• Publisher: Yale University Press
  • Publication Date: 1821
  • Pages: 49

Sample Pages: 1 | 2 | 3 | 4 | 5 | 6 | 7

The Old English Physiologus originates from the tenth century. It includes three poems, describing the qualities of the panther, the whale, and the partridge. The poems are allegorical, each providing the reader with a moral lesson. This text not only includes the poems in their original Old English, but also offers modern English verse and prose translations.

Albert Stanburrough Cook was the single most powerful American Anglo-Saxonist of the nineteenth and twentieth centuries . . .

—Michael D.C. Drout, author, The Cynewulf of Albert S. Cook: Philology and English Studies in America

Albert Stanburrough Cook (1853–1927) was the chair of English language and literature at Yale University. He edited many works including Judith, The Christ of Cynewulf, Life of King Alfred, and The Dream of the Rood.

James Hall Pitman is also the translator of The Riddles of Aldhelm.

Popular Treatises on Science Written during the Middle Ages

  • Author: Philippe de Thaun
  • Editor: Thomas Wright
  • Publisher: The Historical Society of Science
  • Publication Date:  1841
  • Pages: 187

Sample Pages: 1 | 2 | 3 | 4 | 5 | 6 | 7

This unique work provides a window into the popular-level science of the Middle Ages. It brings together three scientific treatises written in Anglo-Saxon and Anglo-Norman, as well as an English fragment from an early metrical collection of lives of the saints—the earliest piece of its kind that has been found in the English language. In addition to providing the original-language texts, this volume includes modern English translations.


  • Preface
  • Anglo-Saxon Manual of Astronomy
  • Livre des Creatures
  • The Bestiary of Phillippe de Thaun
  • Fragment on Popular Science, from the Early English Metrical Lives of Saints
  • Bibliography
  • Index

Philippe de Thaun was a thirteenth-century Anglo-Norman poet.

Thomas Wright (1810–1877) was a nineteenth-century English antiquary. He was a member of The Royal Society of Northern Antiquaries of Copenhagen, an honorary member of The Society of Antiquaries of Scotland, and a correspondence member of The Historical Committees Appointed by the Government of France.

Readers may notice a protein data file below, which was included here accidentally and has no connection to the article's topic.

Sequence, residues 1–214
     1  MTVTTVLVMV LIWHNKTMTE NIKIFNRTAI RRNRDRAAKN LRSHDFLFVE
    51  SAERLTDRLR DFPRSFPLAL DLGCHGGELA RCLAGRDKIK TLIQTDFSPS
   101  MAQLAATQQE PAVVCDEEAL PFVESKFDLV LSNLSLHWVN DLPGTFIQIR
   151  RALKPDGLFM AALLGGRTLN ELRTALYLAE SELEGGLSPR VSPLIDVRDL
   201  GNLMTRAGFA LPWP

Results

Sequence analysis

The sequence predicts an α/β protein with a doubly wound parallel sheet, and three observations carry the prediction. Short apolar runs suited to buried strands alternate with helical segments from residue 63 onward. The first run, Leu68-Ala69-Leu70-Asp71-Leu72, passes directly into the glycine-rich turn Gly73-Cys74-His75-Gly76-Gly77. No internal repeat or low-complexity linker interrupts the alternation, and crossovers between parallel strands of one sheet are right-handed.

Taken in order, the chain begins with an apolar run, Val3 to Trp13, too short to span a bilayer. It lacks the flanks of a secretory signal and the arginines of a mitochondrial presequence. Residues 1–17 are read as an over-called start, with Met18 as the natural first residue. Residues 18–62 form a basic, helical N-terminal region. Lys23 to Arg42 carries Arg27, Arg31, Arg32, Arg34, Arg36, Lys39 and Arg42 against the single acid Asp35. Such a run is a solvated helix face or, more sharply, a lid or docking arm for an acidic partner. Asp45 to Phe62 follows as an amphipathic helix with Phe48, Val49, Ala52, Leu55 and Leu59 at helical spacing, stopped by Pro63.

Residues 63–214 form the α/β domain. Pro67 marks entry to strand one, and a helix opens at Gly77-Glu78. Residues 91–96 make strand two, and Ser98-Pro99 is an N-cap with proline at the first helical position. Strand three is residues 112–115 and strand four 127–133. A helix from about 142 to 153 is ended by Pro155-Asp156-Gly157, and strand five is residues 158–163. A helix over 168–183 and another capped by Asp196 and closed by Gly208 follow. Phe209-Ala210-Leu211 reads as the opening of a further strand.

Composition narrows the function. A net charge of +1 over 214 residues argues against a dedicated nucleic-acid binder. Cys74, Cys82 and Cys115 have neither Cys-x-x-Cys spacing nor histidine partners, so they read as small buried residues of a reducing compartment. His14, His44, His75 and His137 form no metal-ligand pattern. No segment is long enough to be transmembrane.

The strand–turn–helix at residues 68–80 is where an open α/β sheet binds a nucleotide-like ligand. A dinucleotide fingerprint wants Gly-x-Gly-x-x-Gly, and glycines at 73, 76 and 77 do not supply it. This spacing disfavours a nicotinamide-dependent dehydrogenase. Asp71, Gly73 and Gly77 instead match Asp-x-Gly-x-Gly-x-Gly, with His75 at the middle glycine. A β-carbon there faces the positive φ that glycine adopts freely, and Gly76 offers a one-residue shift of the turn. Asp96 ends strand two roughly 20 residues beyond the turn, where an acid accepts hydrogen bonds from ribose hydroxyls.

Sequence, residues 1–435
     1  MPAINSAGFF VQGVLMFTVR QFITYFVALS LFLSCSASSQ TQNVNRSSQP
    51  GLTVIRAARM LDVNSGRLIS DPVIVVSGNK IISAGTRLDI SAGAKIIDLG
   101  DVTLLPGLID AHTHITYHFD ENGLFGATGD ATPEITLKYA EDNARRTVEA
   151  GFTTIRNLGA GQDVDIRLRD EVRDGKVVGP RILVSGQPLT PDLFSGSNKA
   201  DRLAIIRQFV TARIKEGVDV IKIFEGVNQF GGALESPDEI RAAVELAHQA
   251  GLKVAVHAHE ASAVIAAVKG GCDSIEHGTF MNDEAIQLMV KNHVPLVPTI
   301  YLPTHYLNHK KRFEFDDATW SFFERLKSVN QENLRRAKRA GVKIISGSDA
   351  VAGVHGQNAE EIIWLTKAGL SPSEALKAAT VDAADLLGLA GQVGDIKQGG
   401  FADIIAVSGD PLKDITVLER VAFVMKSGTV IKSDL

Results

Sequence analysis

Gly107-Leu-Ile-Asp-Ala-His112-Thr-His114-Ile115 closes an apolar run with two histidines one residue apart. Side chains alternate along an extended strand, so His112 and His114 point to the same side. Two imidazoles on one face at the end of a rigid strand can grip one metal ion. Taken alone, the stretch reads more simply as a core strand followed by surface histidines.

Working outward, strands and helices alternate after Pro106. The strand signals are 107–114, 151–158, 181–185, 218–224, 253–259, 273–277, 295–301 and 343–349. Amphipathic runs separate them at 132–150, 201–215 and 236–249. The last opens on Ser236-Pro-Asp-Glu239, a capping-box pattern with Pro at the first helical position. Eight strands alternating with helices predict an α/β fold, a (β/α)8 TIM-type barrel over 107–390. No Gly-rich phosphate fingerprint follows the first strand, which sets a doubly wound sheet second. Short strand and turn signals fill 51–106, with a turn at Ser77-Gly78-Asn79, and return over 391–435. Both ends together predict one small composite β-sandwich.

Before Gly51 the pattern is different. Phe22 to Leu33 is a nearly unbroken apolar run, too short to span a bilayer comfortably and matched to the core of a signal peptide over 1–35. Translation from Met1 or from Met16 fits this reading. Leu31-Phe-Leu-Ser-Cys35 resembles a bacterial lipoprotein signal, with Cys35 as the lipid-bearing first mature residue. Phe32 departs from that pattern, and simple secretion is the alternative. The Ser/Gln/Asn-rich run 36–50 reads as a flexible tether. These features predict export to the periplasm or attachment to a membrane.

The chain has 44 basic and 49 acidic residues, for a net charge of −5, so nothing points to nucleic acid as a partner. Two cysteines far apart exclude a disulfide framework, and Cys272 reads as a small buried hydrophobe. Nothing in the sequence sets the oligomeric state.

Symbolism of Animals and Birds Represented in English Church Architecture

  • Author: Arthur H. Collins
  • Publisher: McBride, Nast & Company
  • Publication Date: 1914
  • Pages: 257

Sample Pages: 1 | 2 | 3 | 4 | 5 | 6 | 7

Why are animals and birds often featured in English church and monastery architecture? What do these sculptures mean? Where does their symbolism come from? Author Arthur Collins explores these questions and their answers with his in-depth analysis. He takes particular interest in carvings and sculptures from the Middle Ages, analyzing their symbolism, and enhancing his study with over 100 photographs of sculptural examples.

Arthur H. Collins was an English clergyman.

Zoological Mythology, or the Legends of Animals, vols. 1 and 2

  • Author: Angelo de Gubernatis
  • Publisher: Trübner & Co.
  • Publication Date: 1872
  • Pages: 937

Sample Pages: 1 | 2 | 3 | 4 | 5 | 6 | 7

In this massive work, Angelo de Gubernatis, explores the animals present in the mythology of India, the Middle East, Greece, Rome, and Western Europe—all the way from Antiquity to the Middle Ages. An excellent, in-depth introduction, this work will engage both the scholar and enthusiast.

Angelo de Gubernatis (1840–1913) was professor of Sanskrit and comparative literature at the Instituto di Studi Superiori e di Perfezionamento in Florence and later served at the University of Rome La Sapienza. He was also the founder of the Italia Letteraria, Rivista Orientale, Civiltà Italiana, Rivista Europea, Bollettino Italiano Degli Studi Orientali, and Revue Internationale. His other works include the Piccola Enciclopedia Indiana and Fonti Vediche.